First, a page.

At 11am on Thursday 20th August 2020, I entered into a conference call with Derby Magistrates’ Court, during yet another hearing in the case of PC Mark Knights. The purpose of the hearing was threefold:
- To find out if the CPS intended to take over the prosecution.
- If the CPS did intend to take over the prosecution, were they going to end it?
- If the CPS intended to continue the prosecution, Mark Knights would be expected to enter a plea.
Before I tell you the outcome of that hearing, let me bring you up to date with events since the last article I published on the subject. I would invite you to read that article first as it sets out all the various obstructions and complications I have had to deal with along the route of bringing a private prosecution against a police officer.
I originally charged PC Mark Knights with common assault and the statutory offence of police criminal misconduct, as provided by s26 of the Criminal Justice and Courts Act 2015. District Judge Taaffe repeatedly refused to summons Knights under section 26, due to his total lack of understanding of the make-up of the offence. I was not satisfied that a mere common assault charge would suffice for such a brazen abuse of a police officer’s powers, so I began the process of judicial review. However, before the first stage of judicial review could commence, the CPS contacted me to inform me that they would be taking over the case. In so doing, they assured me they had contacted the court to notify them of this intention.
I contacted the court myself and they told me that no such communication had been received by the CPS. So I contacted the CPS again and asked them to clarify. They ignored my email. I wrote to them a second time as a matter of urgency, telling them that I would have to travel a considerable distance to reach Derbyshire Magistrates’ Court and I did not expect my time to be wasted. Again, no response from the CPS.
PC Mark Knights headbutted victim Ben Joynes in the face during a road rage incident in November last year.
As the hearing date grew closer, it became clear that, due to personal circumstances, I would not be able to travel to Derbyshire on the 20th, and therefore I asked the court to allow me to access the hearing remotely. During the Covid outbreak the courts have readily allowed both parties of criminal and civil trials to participate via Skype, or telephone. The court did not confirm that I would be granted a conference call until the hearing was taking place. And when they did, they used an obsolete number to contact me.
Luckily, my emails were switched onto constant update, as only then did I see the court were trying to contact me. It took two attempts before I was finally put through to the live hearing via conference call.
The District Judge informed me that, yes, the CPS had taken over the case. Better still, they had furthered their intention to prosecute. To my surprise, the judge told me that the CPS had ‘upgraded’ the offence from common assault to assault by beating. PC Mark Knights had entered a plea of not guilty and the case had been sent to trial for the 2nd December. I then asked for permission to withdraw from the prosecution, which was nothing more than good manners on my part, as once the CPS take over the case the private prosecutor’s involvement ends. I asked if there was any evidence or information I held that the CPS would require and I was told by the judge that they would contact me.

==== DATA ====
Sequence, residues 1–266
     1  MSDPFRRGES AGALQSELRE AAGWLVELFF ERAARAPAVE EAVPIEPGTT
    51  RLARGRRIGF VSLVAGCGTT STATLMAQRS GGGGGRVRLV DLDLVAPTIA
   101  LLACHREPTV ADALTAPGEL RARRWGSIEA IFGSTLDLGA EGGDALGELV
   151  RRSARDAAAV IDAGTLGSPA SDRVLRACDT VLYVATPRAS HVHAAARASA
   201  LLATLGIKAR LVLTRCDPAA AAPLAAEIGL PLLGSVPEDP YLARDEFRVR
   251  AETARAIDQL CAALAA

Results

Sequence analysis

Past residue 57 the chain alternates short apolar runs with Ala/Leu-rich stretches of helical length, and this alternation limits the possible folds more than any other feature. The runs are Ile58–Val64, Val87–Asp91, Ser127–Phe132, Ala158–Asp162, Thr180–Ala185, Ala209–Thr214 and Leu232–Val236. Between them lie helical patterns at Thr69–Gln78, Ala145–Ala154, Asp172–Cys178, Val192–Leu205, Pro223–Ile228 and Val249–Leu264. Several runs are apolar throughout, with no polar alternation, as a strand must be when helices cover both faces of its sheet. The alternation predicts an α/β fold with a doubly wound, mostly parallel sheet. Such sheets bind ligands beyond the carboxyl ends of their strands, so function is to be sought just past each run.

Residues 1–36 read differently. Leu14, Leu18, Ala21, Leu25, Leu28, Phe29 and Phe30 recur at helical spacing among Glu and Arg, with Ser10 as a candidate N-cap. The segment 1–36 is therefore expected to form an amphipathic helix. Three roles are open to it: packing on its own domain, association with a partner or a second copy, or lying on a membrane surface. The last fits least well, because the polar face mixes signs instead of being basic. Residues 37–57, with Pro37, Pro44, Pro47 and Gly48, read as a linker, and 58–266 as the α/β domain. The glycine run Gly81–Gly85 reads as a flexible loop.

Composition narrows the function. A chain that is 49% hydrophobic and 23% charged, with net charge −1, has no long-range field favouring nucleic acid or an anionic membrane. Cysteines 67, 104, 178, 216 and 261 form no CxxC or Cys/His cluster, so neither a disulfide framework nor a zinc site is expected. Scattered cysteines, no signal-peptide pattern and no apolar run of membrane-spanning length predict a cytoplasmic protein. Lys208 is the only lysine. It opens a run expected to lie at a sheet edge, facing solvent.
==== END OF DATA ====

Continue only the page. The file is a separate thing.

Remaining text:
Needless to say I never heard from the CPS again, who it seems have gone out of their way to do whatever they could to prevent Knights from being prosecuted.
To my understanding, ‘assault by beating’ is the same charge as ‘common assault.’ I assume the only difference would be at sentencing. I’m not sure I would regard this as an ‘upgrade’. But as far as I am concerned, this is a good outcome and I am pleased that PC Mark Knights is now being sent to trial. I’m not going to speculate on the potential outcome, except to say that any trial is better than none at all. Bear in mind that without my involvement both Derbyshire Police and the CPS would have dropped the matter. In fact, Derbyshire Police conducted a deliberately defective investigation into the assault as a means to ensure their officer was never prosecuted.
To my knowledge, nobody has ever successfully brought a private prosecution against a police officer that has gone to trial, let alone resulted in conviction. I may be wrong in that assumption, but private prosecutions are extremely rare, and nigh on mythical when it comes to prosecuting the police.
This has been an extremely important case to me. I intend to continue bringing private prosecutions against dangerous police officers that believe they are above the law. It is the corrupt practises of the police complaints process, IOPC and the CPS that make people such as myself necessary. I expect to meet the same obstructions every time, but I will persist, and keep you updated on this website.